man itching arm

What is Neuropathic Itch?

A dermatologist explains

April 1, 2024

In a perfect world, there’s a scratch for every itch. Or, more perfect, there’s no itch.

In the real world, there’s a heck of a lot of reasons to itch. And there are nerves in the skin that have one job: noticing all the itchy things.

Fortunately, most itchiness decreases and disappears. Sometimes, however, itch recurs. And with it, a terrible cycle of itch-scratch-itch that can escalate to severe health problems.

“Chronic itch is a debilitating condition that has largely been seen as unsolvable by clinicians,” says dermatologist Blair Jenkins, MD.

Jenkins, who has extensively studied peripheral sensory neurons—nerve cells that respond to stimuli outside the body—is an expert in the skin, the nervous system, and their relationship.

Until recently, she says, chronic itch, an enduring, heightened sensitivity to external stimuli (AKA itch neurons working overtime), had no specific targeted treatments.

Understanding how the nervous system functions helps dermatologists and other healthcare professionals identify treatments for a variety of conditions, including neuropathic itch.

Dr. Jenkins is one of the few people researching neuropathic itch and how to manage it. We asked her everything we could think of about itch. Let us know if you think of any other itching questions.

What is itch?

Itch is an important sensation that helps us know when we have insects on our skin’s surface or when we’ve encountered something that might trigger a severe allergic reaction.

What is chronic itch?

Chronic itch is itch that lasts longer than six weeks. We do not know of a physiologic “purpose” for chronic itch. We consider it a hallmark of dysfunction in the nervous system. 

What is neuropathic itch?

When chronic itch is caused by direct damage to itch-sensing nerves in the body, it’s neuropathic itch.

What is NOT neuropathic itch?

Chronic itch that’s primarily caused by inflammation in the skin—chronic hives, atopic dermatitis, autoimmune blistering disorders, some genetic conditions—is not neuropathic itch.

Certain medical conditions can also cause itching through poorly understood mechanisms, such as chronic kidney or liver disease.  

The caveat here is that there is likely a neuropathic component underlying most types of itch since chronic aberrant signaling likely causes direct damage to nerves over time.

What causes neuropathic itch?

Neuropathic itch is caused by direct damage to itch-sensing nerves. 

There are many nerves that detect sensations in the skin. Some are tuned to sense pain, while others optimally sense touch. Recent evidence suggests there are specialized nerves for sensing itch. These nerves receive signals from as far out on our skin as our fingers and toes to the spinal cord and have processes that travel through tiny holes in the spine.

Sometimes, these nerves can get pinched by the spine in patients who have chronic arthritis or degenerative disk disease. Other times, these nerves can become so inflamed, such as after a shingles flare, that they are damaged and send excessive itch signals to the brain. These trigger neuropathic itch.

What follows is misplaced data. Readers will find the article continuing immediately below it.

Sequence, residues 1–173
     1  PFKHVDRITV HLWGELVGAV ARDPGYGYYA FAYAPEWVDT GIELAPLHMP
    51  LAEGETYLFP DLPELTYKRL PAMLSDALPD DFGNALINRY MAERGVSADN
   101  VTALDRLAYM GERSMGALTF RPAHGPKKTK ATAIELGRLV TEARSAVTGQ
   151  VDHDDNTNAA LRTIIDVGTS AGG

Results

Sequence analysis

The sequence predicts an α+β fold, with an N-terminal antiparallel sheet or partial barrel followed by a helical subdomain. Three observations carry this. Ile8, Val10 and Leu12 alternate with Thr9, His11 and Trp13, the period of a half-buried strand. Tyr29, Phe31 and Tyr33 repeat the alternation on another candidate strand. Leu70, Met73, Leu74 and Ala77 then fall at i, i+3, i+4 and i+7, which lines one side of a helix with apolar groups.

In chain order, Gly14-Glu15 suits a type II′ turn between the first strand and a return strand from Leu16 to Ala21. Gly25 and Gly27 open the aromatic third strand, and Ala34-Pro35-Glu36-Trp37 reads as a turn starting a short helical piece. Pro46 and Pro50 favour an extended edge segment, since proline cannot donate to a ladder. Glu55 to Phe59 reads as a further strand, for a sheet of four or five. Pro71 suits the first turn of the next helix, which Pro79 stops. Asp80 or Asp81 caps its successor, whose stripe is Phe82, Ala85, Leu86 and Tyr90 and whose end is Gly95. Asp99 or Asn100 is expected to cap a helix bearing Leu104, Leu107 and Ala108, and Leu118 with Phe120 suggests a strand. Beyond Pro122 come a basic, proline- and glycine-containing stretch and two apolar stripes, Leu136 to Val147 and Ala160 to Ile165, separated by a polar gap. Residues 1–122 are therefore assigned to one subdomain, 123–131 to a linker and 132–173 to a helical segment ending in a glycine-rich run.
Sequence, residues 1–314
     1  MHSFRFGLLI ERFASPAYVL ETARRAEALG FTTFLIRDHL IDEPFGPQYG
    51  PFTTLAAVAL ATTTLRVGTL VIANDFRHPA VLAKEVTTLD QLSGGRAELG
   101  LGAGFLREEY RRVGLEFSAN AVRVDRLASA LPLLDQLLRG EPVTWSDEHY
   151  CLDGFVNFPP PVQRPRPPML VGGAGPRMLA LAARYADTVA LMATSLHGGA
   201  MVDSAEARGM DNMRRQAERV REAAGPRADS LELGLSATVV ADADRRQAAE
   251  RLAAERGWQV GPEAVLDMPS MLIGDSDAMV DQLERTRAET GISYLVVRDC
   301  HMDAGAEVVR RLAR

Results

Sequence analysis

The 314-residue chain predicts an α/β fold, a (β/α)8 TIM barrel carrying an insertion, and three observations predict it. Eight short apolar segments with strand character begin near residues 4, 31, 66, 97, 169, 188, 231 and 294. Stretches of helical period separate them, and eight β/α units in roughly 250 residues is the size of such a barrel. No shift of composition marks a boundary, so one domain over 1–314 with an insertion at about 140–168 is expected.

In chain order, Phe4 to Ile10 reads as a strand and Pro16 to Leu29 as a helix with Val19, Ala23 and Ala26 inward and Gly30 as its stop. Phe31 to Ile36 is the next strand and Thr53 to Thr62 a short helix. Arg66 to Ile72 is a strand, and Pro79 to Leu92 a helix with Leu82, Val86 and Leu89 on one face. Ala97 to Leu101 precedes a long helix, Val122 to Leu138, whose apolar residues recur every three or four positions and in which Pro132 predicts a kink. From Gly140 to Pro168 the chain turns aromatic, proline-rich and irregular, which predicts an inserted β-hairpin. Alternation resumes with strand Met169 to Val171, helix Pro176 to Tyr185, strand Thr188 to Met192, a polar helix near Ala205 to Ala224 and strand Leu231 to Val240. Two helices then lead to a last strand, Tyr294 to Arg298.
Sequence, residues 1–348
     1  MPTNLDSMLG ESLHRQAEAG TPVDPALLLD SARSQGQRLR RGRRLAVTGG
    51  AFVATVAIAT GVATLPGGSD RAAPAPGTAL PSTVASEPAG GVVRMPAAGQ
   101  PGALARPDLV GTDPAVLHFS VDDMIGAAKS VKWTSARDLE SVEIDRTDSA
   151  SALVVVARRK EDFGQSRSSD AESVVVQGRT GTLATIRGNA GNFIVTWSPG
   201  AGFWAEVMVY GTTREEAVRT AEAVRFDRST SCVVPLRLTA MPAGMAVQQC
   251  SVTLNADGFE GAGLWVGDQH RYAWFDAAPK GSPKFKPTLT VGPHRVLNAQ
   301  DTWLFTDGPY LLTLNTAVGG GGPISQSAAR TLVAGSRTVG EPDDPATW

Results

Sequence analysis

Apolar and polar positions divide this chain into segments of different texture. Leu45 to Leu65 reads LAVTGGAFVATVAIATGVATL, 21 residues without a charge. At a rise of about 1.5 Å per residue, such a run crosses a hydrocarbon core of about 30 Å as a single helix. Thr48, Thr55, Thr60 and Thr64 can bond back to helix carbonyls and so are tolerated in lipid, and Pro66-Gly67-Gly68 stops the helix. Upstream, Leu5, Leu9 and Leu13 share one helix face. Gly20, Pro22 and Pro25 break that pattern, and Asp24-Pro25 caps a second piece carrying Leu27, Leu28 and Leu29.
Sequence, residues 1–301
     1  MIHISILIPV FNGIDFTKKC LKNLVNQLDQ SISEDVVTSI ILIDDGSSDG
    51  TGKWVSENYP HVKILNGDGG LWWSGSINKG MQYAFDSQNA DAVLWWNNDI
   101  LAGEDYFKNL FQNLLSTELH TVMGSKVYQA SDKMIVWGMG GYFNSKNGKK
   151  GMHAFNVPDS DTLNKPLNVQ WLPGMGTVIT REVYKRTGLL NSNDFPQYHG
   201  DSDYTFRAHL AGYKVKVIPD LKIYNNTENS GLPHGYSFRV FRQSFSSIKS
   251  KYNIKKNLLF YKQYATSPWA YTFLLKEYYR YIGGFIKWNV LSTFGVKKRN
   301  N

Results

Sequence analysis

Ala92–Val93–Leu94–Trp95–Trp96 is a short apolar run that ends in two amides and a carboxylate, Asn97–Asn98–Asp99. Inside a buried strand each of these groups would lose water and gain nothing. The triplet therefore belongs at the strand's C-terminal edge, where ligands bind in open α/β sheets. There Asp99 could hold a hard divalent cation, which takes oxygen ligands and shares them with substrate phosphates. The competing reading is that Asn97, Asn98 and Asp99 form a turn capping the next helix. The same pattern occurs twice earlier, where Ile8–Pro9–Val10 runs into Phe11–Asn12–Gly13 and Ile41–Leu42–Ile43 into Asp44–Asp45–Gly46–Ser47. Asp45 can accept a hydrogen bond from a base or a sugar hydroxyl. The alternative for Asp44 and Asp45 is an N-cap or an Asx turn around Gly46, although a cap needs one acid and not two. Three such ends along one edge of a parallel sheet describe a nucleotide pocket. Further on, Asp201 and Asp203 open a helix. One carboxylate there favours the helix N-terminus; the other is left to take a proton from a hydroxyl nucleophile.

What does neuropathic itch feel like?

Most people describe chronic itch as a different sensation from pain, but neuropathic itch can have a stinging or burning quality. 

Often, neuropathic itch is localized to a specific limb or a focal area on the trunk or face.

Are pain and itching the same thing?

Probably not. There are conflicting theories in the scientific community about whether pain and itch are mediated by the same pathways.

Some scientists have speculated that itch is just a low-level version of pain or is caused by irritation of pain-sensing neurons. 

Others propose that itch has its own pathway in the nervous system that is completely distinct from pain. This theory is supported by the fact that therapies for pain (NSAIDs, aspirin, acupuncture) are not effective in treating chronic itch.

However, gabapentin, which helps treat chronic pain, may help treat itch. 

Currently, the prevailing itch-pain theory is that itch is mediated by its own distinct pathway in the nervous system. Translation: Pain and itch are not the same thing.

Does neuropathic itch go away?

Yes. Neuropathic itch can go away but typically only with consistent use of topical and oral medications. 

Notalgia paresthetica is a neuropathic itch condition caused by pinching of nerves typified by an area of itching on the back just lateral to the spine. People with this condition can benefit from strength training and stretching, which may help to realign the spine and alleviate itch. 

Additionally, some topical therapies, such as capsaicin, may cause permanent damage to nerve fibers. Topical capsaicin can be painful to use but may lead to long-term improvement in itch symptoms with consistent use.

Gabapentin and amitriptyline have shown some benefits. Difelikefalin is a newer medication that was recently shown to treat notalgia paresthetica in phase 2 clinical trials.

Can you treat neuropathic itch at home?

Yes, temporarily.

One of the best home remedies for itch in general is the application of cold. Cold decreases nerve excitability and may activate cold-sensing nerves in the skin, which then may “trick” the nervous system into feeling less itch. 

Cold compresses and over-the-counter menthol-containing salves can be incredibly helpful for alleviating itch in the short term.